Abramoff believes corrupt lawmakers — and the lobbyists who seek to influence them by improper means — don’t see anything wrong with what they’re doing. He should know — he didn’t think he was doing anything wrong, either.
“You’ll hear from Congressmen, ‘A $2,000 contribution isn’t going to buy my vote.’ ‘A meal isn’t going to buy my vote,’ ” Abramoff said, the table between us bare but for his laptop computer. “But we learn, in fact, from the Talmud that they’re wrong.”
Abramoff, 53, has been an observant, Orthodox Jew since he was 12, so it’s not surprising that he points to a talmudic source as part of his new campaign against bribery of public officials. But while he was showering legislators with gifts, Abramoff believed he wasn’t on the wrong side of Jewish law, as the Torah restriction on bribery focuses only on judges.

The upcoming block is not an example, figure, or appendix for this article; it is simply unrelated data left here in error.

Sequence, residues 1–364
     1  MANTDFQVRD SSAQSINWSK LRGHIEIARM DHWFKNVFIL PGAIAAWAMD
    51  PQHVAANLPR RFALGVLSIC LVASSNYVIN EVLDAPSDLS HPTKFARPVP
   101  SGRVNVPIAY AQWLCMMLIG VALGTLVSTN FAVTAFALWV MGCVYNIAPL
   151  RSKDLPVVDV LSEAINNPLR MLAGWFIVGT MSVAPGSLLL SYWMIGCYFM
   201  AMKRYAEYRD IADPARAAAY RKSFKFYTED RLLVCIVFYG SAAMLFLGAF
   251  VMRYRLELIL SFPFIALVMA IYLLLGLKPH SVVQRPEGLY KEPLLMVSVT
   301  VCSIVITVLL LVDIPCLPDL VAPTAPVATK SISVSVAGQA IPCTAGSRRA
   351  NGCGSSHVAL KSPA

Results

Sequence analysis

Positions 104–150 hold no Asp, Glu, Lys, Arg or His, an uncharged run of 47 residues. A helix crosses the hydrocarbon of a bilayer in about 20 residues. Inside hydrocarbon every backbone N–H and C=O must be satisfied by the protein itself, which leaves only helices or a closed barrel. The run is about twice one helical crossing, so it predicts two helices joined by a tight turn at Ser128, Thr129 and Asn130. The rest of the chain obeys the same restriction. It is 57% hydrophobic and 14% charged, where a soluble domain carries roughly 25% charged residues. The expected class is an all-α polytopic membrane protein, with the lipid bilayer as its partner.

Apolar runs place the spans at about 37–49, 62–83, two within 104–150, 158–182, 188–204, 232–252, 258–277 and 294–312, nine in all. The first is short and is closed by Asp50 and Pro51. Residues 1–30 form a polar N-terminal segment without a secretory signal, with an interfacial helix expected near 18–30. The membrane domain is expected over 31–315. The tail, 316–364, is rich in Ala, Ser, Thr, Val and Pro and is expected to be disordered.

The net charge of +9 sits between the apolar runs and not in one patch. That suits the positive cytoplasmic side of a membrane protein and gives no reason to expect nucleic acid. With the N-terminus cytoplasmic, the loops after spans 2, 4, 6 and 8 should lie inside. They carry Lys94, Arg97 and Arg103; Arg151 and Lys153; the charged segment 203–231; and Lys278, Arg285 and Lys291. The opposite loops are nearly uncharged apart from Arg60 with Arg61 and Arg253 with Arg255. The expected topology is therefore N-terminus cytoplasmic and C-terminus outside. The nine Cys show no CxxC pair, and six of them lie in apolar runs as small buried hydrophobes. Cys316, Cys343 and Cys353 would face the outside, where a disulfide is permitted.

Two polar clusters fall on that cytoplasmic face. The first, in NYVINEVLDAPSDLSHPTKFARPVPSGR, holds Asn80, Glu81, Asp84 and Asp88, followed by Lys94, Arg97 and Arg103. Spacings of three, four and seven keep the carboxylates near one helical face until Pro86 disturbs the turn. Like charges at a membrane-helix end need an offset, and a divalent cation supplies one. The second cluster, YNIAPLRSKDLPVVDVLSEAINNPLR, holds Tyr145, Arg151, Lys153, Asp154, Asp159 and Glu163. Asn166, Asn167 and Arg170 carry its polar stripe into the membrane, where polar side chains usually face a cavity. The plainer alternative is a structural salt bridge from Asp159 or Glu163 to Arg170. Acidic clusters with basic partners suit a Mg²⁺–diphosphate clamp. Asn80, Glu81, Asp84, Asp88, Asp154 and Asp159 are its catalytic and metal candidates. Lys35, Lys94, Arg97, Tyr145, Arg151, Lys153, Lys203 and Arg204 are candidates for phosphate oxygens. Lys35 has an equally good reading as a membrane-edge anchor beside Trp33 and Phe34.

“Legislators,” Abramoff said, “I never thought or considered them to be judges.”
He later found Jewish commentators who do equate bribing lawmakers with bribing judges, but Abramoff said that, generally speaking, it’s difficult to pinpoint why what lobbyists do is wrong. Even those who don’t live and work inside the Beltway, he said, shrug their shoulders at the thought of a lobbyist buying a meal for a lawmaker.
“But having a restaurant where congressmen can come and eat sushi to their hearts’ content, drink wine and then leave without a bill? Over and over again?” Abramoff asked, rhetorically. “Put him on a Gulfstream, fly him to Scotland to play St. Andrews and Carnoustie and all these places, you know? Raise a bunch of money for him? I think we’re getting into the trouble zone here.”